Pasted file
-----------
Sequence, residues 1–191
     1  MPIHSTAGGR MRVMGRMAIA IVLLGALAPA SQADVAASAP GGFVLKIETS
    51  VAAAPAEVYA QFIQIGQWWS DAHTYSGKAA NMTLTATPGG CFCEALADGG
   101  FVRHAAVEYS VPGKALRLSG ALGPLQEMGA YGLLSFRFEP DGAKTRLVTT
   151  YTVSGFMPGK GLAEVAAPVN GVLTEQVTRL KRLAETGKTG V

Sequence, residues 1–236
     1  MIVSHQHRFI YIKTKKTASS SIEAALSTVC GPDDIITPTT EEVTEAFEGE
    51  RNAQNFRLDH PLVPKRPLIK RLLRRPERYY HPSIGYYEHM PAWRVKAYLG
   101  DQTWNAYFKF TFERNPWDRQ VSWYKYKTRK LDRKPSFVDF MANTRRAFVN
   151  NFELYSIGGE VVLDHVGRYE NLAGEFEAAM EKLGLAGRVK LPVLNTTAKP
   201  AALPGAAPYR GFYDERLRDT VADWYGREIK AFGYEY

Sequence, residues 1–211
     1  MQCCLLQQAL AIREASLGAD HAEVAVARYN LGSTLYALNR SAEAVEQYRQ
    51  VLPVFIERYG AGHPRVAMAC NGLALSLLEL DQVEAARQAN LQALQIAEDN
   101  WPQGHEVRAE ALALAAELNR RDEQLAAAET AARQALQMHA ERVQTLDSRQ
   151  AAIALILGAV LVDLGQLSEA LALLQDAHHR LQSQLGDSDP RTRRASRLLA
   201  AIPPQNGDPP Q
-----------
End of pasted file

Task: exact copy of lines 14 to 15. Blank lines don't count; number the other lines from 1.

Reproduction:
    51  VLPVFIERYG AGHPRVAMAC NGLALSLLEL DQVEAARQAN LQALQIAEDN
   101  WPQGHEVRAE ALALAAELNR RDEQLAAAET AARQALQMHA ERVQTLDSRQ